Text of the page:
‘From a Distant Star’ by Karen McQuestion follows Emma as, after her boyfriend returns from the brink of death, she discovers that all is not quite what it seems. Instead of her boyfriend, it is an alien that meets her in his form. Emma strives to return Scout to where he came from and regain Lucas, the love of her life.
As a young adult novel, this book does an excellent job of writing about aliens in a way that is both understandable and enjoyable. The book is easy to read with excellent pacing and characters that you can get invested in.
One of the highlights for me was that the book started from the perspective of a dog. This instantly grabbed my attention and drew me into the book, despite (somewhat unfortunately) Mack’s perspective not being used again. I also really loved how rather than the typical romance often found in these types of books, ‘From a Distant Star’ focuses on the friendship between Scout and Emma.
I did have trouble getting behind the relationship between Emma and Lucas however. I found it quite hard to believe, especially given the intensity of it and that it was told rather than shown. I think part of the reasons why I had trouble believing it was due to the fact Emma had no life beyond Lucas – her future revolved around him, she had no friends outside of Lucas’s and was fairly selfish in her attitude towards his cancer – not being able to see why his family should spend more time with him than her. This turn me off her character at the beginning, but there is a lot of growth on her part throughout the book, especially in her interactions with Scout, which kept me engrossed in the book.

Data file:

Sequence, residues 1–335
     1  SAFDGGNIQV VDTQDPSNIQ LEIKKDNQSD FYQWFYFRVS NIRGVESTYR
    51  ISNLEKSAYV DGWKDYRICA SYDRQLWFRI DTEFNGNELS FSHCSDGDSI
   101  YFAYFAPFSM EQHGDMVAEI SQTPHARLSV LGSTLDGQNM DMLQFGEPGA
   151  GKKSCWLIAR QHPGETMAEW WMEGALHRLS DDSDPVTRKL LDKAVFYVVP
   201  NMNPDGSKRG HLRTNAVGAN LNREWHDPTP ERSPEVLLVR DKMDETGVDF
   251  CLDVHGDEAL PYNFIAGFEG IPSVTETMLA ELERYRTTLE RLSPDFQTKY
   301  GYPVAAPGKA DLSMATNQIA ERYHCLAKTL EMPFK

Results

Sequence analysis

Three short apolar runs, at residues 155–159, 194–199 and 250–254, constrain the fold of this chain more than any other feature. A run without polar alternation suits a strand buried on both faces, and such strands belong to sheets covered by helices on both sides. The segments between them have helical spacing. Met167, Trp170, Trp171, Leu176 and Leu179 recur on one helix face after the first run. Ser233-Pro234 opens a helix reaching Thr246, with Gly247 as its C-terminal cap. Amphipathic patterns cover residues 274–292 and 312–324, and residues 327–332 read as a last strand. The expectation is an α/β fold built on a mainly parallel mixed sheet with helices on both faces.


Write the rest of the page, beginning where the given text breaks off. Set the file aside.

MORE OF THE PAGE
As well as this, the book did take a while to get going and did fall prey to clunky wording in places. It did pick up pace in the second half of the book and things got dangerous and exciting. Some parts were predictable, but there were definitely some surprises, both hilarious and frightening.
This book is definitely one that you can get into and enjoy. It successfully combines the alien concept with life on Earth, with Scout’s learning of being human particularly enjoyable to read. It’s quick and entertaining. I would definitely recommend it as a holiday read – it captures that hopefulness that holidays brings, explores the nature of humanity in a light-hearted manner and features aliens and a road trip. What more could you want on holiday?